Last night it stormed something serious over Bucuresti. It's been hot like you wouldn't believe--not as hot as Wilmington, but nothing but asphalt and no ocean here, and also no fan so it's been about as bad. But then the wind kicked up and the funny thing about this city when it's about to storm is that the wind starts turning everything upside down and you see just how dirty it really is. I was sitting in my room which is just above the tops of some trees, level with the tops of others and all of a sudden they start tossing around and making a bunch of noise--a) you realize that you haven't heard anything that sounded so natural, meaning not like the guys working on the side of your block or the traffic in a while, and b) man that wind is serious! So I looked out and there on the street is this cloud of dirt kicked up and spinning around and generally obscuring the cars and ground-level stores. Twenty minutes of this, twenty minutes of watching low pulled-apart clouds race above the blocs, green-tinted everything and then cold rain. Reprieve, let me tell you. And you know what else? It smells different when it rains in the city. I don't know how I hadn't noticed yet. It's not a pretty smell, not a clean smell but I stood half hanging out the window anyway, cold wind and lightning. Not a bad way to end a day.
My computer is working now. Turns out it needed to be vacuumed (my taking it apart and attempting to clean it was along the right way of thinking, just didn't do it well enough) which is mostly embarrassing but also, hey, free. Holler. And my language is working again too. Two weeks of not using it and then jumping back in made for a kind of shaky start, but it seems to have done some restructuring while I wasn't using it and it's been a good time jumping back in. This language--I say stupid stuff all the time and have a long way to go, but I think I speak it now :)
If I can follow this bunny trail for a minute or two longer, some interesting observations for the fellow language-learner: one, I keep doing this weird thing where I forget I don't speak Romanian the way I do English (meaning well--hah, okay, seriously though, I mean without effort, without lag time between brain and mouth). You get to a point where you just understand what people are saying and you're not really thinking, oh this is Romanian or this is English, you just understand it. And so when you open your mouth to respond and all of a sudden it's halting and slow-ish and the fluidity of the conversation suddenly derails, you go, oh crap! I forgot! Has this happened to you?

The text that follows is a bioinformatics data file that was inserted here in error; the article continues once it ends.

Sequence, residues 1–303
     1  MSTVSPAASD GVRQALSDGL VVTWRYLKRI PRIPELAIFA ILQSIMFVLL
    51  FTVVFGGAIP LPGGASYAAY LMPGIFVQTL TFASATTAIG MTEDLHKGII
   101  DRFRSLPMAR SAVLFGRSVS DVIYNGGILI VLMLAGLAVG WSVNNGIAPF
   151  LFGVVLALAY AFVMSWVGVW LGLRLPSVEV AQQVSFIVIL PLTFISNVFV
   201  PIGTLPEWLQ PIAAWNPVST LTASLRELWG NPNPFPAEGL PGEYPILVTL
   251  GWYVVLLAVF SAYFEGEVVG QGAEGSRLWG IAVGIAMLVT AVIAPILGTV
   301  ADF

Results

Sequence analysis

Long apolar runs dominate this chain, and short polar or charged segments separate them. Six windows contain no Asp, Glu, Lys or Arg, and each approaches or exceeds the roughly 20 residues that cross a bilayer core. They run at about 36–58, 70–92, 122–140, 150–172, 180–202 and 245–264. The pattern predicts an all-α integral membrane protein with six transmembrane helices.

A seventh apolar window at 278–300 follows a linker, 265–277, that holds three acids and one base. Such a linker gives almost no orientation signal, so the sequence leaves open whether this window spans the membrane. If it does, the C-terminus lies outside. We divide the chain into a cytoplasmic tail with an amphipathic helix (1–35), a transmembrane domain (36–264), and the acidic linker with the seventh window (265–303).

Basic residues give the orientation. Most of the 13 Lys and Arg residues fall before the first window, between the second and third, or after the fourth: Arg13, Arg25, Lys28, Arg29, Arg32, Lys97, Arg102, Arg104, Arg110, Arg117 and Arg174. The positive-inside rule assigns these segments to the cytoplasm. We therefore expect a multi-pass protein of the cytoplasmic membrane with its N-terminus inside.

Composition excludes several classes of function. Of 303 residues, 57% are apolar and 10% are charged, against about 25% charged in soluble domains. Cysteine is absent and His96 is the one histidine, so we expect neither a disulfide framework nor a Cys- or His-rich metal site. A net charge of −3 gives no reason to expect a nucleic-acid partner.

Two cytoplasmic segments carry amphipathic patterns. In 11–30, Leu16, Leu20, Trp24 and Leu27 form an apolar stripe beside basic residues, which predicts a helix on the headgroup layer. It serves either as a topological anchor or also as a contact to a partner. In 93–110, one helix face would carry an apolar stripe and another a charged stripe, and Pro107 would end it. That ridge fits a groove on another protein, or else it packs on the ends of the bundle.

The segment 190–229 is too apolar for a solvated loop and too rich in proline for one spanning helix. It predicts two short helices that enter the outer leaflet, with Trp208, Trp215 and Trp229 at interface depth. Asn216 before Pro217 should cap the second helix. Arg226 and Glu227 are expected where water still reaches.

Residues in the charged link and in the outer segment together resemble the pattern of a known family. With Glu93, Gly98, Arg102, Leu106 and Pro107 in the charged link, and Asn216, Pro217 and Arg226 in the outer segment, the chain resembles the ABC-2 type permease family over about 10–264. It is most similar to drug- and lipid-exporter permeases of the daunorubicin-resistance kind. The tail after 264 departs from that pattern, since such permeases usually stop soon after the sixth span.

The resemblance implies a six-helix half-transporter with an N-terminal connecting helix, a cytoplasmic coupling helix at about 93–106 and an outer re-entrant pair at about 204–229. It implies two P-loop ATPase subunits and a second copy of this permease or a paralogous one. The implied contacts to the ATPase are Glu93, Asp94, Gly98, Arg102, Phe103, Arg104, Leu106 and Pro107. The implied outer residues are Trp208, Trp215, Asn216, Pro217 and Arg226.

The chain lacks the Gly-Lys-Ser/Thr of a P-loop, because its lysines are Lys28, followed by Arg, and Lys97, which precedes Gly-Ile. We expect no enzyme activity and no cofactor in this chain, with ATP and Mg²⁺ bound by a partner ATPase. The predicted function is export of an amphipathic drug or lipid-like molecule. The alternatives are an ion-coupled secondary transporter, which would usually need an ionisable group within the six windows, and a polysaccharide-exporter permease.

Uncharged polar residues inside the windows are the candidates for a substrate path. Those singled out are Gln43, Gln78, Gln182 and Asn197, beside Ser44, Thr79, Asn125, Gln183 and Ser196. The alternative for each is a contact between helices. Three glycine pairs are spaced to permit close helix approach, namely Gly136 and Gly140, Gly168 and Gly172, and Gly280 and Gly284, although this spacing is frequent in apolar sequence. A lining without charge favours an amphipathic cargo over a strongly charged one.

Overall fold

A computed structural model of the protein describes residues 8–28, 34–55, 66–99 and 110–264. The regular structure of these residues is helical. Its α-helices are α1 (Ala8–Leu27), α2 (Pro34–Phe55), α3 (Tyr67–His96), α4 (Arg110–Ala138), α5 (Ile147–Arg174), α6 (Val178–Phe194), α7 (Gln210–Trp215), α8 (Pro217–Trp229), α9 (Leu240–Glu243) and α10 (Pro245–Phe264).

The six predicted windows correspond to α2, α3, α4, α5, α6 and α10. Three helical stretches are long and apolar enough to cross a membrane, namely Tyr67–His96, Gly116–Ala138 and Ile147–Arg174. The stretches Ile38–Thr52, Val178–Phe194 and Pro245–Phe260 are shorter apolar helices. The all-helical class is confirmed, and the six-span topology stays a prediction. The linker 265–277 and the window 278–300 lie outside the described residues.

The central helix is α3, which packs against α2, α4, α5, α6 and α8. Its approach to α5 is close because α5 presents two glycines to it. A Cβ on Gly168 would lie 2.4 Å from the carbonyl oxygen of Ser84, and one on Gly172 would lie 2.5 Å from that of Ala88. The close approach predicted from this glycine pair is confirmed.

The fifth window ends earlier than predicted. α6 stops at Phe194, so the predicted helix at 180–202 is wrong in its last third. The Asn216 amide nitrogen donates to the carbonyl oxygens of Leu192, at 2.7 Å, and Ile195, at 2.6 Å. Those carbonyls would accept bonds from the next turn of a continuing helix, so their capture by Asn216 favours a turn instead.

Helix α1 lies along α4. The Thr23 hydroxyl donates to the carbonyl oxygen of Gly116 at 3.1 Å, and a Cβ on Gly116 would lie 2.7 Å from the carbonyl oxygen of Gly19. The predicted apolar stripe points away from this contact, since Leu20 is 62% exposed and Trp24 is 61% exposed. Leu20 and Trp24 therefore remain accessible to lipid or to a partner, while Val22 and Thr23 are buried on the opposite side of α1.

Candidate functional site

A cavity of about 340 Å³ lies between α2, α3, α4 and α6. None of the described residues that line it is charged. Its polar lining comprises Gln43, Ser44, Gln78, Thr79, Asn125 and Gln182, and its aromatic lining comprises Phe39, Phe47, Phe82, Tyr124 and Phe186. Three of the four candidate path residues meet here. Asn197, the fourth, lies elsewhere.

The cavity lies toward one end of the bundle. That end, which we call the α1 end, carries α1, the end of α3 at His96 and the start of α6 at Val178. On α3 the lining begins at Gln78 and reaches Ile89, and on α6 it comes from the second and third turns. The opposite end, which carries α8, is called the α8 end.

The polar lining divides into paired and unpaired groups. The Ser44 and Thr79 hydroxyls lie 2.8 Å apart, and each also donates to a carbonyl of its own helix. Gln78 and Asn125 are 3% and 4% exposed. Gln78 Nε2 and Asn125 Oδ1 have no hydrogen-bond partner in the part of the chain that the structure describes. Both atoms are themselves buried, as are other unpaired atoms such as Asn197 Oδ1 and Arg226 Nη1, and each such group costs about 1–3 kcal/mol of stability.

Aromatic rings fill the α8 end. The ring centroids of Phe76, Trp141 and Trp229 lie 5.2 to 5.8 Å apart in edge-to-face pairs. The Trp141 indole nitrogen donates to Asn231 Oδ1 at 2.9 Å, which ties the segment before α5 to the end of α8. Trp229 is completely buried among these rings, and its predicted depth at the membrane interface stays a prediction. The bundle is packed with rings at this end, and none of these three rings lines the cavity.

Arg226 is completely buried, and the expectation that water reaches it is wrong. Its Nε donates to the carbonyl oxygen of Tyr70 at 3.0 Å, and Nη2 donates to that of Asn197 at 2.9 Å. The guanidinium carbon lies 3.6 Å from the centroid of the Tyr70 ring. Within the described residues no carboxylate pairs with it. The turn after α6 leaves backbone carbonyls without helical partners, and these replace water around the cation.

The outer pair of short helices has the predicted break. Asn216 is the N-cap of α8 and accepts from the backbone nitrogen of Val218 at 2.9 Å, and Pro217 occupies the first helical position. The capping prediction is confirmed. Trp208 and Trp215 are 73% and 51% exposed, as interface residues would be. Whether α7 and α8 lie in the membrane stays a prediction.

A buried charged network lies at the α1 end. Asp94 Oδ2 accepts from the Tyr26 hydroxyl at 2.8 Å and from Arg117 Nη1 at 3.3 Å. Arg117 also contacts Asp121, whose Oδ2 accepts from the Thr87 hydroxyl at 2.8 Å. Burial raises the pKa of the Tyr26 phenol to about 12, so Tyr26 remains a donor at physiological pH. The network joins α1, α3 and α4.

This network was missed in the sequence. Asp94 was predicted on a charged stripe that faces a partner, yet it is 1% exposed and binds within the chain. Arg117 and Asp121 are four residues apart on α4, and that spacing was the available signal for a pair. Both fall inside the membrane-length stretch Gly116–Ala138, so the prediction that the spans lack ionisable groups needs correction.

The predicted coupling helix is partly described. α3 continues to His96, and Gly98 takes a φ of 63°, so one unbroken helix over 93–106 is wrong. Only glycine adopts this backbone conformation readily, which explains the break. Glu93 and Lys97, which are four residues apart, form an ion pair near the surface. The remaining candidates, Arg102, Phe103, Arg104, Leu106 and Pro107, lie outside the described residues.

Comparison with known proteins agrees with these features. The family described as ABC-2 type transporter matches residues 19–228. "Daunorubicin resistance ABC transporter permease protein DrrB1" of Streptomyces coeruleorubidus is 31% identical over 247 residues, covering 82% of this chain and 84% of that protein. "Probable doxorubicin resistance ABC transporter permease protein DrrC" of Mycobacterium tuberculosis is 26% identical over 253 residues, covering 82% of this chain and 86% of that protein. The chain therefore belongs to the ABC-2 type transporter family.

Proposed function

Anyway, to return to things working again. The computer, the language. Even camp. In terms of knowing people deeply, this place for me is still a work in progress. But you spend a week or so with Americans (who are really American, versus the Romanianized ones I hang out with here) and it comes with all sorts of realizations. One: you and they have changed. This is not a bad thing. It's not really anything, in all honesty. It's just what it is. But two, you realize that no matter this change, there is still a place of rest and reprieve in being able to speak easily, to watch Doctor Who or whatever really, to slip back into the old for a while and feel it against your skin like an old t-shirt. Maybe it doesn't fit the same way any longer, but it's still a piece of home. And it is good. I am thankful. So it was to spend a week with friends. We could have been on Mars and it wouldn't have mattered.
And here I find myself back. I almost missed the plane back to Bucuresti, the one time in history a Romanian flight left early, and running onto the bus that took us to our plane, falling back into 'aoleu...' and a little Romanian lady next to me who told me how hot it was going to be when we landed, I felt like I was going home. It was indeed hot. And the taxi drivers hounded me. People kissed each other on both cheeks and drove like maniacs.
I think there are two homes in question here. One of people, one of place. The one of people is wherever they are. If I meet my friends in Germany, it is there with them. If my best friend flies from Wilmington to here, here we are home together. And wherever in the world I'm with my brother, there it is. But then place: I realize this now, looking back on seeing that Romanian van in Germany, in flying back on a plane I wasn't sure was going to land in one piece. The chaos of it all is familiar. The heat and the mic.ro stores and the parks, the look and sound of Romanians. It's a different slipping back in, one that comes with less of the comfort of people-home, but more of something tangible and constant, like a steadied arm.
And speaking of home: